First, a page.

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A chronon is a proposed quantum of time, that is, a discrete and indivisible "unit" of time as part of a theory that proposes that time is not continuous.

Early work[edit]

While time is a continuous quantity in both standard quantum mechanics and general relativity, many physicists have suggested that a discrete model of time might work, especially when considering the combination of quantum mechanics with general relativity to produce a theory of quantum gravity. The term was introduced in this sense by Robert Lévi in 1927.[1] A quantum theory in which time is a quantum variable with a discrete spectrum, and which is nevertheless consistent with special relativity, was proposed by Chen Ning Yang in 1947.[2] Henry Margenau in 1950 suggested that the chronon might be the time for light to travel the classical radius of an electron.[3]

Work by Caldirola[edit]

A prominent model was introduced by Piero Caldirola in 1980. In Caldirola's model, one chronon corresponds to about 6.27×10−24
seconds for an electron.[4] This is much longer than the Planck time, another proposed unit for the quantization of time, which is only about 5.39×10-44
seconds. The Planck time is a universal quantization of time itself, whereas the chronon is a quantization of the evolution in a system along its world line and consequently the value of the chronon, like other quantized observables in quantum mechanics, is a function of the system under consideration, particularly its boundary conditions.[5] The value for the chronon, θ0, is calculated from:

\theta_0=\frac{1}{6\pi\epsilon_0}\frac{e^2}{m_0c^3}\ [6]

From this formula, it can be seen that the nature of the moving particle being considered must be specified since the value of the chronon depends on the particle's charge and mass.

Caldirola claims the chronon has important implications for quantum mechanics, in particular that it allows for a clear answer to the question of whether a free-falling charged particle does or does not emit radiation.[clarification needed] This model supposedly avoids the difficulties met by Abraham–Lorentz's[which?] and Dirac's approaches[which?] to the problem, and provides a natural explication of quantum decoherence.

Work by Vaknin[edit]

Another model of quantised time was proposed by Sam Vaknin in his 1982 Ph.D. dissertation, titled "Time Asymmetry Revisited". He postulates the existence of a particle (chronon). In the proposed theory, time is the result of the interaction of chronons, very much as other forces in nature are the result of other particle interactions. Vaknin postulates the existence of various time quarks (up, down, colors, etc.) whose properties cancel each other and thus the arrow of time is derived (time asymmetry). The postulated particle (chronon) is not only an ideal clock, but also mediates time itself (analogous to the relationship between the Higgs boson and mass). In other words, what we call "time" is the interaction between chronons in a field. Chronons exchange between them a particle and thereby exert a force. "Events" are perturbations in the Time Field and they are distinct from chronon interactions. Chronon interactions (particle exchanges) in the Time Field generate "time" and "time asymmetry" as we observe them.[7][8]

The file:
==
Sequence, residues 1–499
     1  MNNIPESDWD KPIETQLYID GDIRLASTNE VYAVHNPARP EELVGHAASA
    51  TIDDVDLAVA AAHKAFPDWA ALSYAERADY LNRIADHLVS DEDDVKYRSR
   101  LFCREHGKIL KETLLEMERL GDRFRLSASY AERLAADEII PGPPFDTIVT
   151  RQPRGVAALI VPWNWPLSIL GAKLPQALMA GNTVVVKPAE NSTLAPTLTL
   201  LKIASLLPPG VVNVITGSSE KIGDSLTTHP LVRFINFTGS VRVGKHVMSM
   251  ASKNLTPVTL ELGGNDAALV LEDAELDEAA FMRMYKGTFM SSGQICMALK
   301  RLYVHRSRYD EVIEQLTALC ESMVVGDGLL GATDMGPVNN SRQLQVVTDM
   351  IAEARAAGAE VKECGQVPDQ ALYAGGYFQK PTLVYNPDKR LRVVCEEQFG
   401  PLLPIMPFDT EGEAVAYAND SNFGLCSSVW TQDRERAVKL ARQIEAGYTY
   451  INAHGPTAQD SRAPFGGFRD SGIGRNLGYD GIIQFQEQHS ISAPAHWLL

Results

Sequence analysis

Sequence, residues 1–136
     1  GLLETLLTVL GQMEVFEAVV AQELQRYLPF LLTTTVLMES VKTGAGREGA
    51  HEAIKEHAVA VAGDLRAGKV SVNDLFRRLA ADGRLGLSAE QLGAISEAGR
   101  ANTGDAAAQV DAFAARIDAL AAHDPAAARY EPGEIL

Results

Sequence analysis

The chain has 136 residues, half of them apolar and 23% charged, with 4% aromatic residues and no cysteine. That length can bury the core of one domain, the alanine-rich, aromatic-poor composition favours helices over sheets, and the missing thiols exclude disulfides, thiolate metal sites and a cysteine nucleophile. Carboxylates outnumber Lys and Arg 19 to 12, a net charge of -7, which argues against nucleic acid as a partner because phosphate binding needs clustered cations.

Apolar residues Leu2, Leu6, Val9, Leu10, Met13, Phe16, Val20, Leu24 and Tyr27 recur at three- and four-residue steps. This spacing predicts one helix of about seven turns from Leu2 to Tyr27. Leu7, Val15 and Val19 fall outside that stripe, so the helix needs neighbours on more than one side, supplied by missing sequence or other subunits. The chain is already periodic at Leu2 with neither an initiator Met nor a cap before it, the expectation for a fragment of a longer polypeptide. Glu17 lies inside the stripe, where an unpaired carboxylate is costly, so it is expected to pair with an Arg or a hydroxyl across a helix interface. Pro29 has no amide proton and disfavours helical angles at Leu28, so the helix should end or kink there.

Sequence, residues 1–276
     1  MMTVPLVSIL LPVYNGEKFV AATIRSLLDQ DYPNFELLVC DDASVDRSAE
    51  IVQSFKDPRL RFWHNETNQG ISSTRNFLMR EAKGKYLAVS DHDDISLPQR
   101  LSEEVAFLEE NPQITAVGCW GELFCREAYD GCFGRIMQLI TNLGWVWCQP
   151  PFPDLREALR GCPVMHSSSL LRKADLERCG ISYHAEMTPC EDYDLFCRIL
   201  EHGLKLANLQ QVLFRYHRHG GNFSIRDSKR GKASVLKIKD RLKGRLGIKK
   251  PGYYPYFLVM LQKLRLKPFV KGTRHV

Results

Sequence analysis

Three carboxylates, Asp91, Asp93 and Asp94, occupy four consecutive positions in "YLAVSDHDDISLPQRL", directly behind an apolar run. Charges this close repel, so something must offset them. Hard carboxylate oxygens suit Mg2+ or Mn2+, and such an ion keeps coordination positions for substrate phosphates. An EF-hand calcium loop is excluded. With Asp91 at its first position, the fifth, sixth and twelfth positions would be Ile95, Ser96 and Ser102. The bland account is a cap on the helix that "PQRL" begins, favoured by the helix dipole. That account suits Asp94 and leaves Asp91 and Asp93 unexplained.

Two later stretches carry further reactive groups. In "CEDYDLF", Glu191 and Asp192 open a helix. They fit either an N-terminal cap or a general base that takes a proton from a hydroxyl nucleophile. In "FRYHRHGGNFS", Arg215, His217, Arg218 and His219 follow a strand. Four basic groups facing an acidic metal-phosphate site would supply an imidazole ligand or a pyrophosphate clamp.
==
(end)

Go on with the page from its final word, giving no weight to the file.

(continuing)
Work by Suchard[edit]

Suchard's chronon is a purely geometric approach, complementing Vaknin's asymmetry and spinor-based approach. Equation (7) in Suchard's paper has a divergence component, that according to a possible interpretation (6.4), offers a way to achieve electro-gravity. A small correction is, however, that the coefficient of this term should be 2 and not 1 as it is in equation (7). The resulting postulated gravitational field resembles an electric dipole and offers elevation on the expense of the trajectories of far bodies of mass quite the same way ebb and tide take energy from the moon's trajectory. According to that assumption, the divergence term coincides with electric charges and therefore can explain the Dark Matter effect by a negligible excess of intra-galactic positive charges. The ordinary conservation law (8) is then replaced with a more general law (25) in the same paper “Upper Time Limit, Its Gradient Curvature, and Matter”.[9][10][11]

See also[edit]


  1. ^ Lévi 1927
  2. ^ Yang 1947
  3. ^ Margenau 1950
  4. ^ Farias & Recami, p.11.
  5. ^ Farias & Recami, p.18.
  6. ^ Farias & Recami, p.11. Caldirola's original paper has a different formula due to not working in standard units.
  7. ^ California Miramar University, available on Microfiche in UMI and from the Library of Congress
  8. ^ Vaknin S Time Asymmetry Re-Visited
  9. ^ “Upper Time Limit, Its Gradient Curvature, and Matter” by Eytan H. Suchard (Journal of Modern Physics and Applications 2014, 2014:5)
  10. ^ “Absolute Maximum Proper Time to an Initial Event, the Curvature of Its Gradient along Conflict Strings and Matter” by Eytan H. Suchard (Journal of Modern Physics Vol.4 No.6 (2013), Article ID:33086)
  11. ^ “Upper Time Limit, Its Gradient Curvature, and Matter” by Eytan H. Suchard


External links[edit]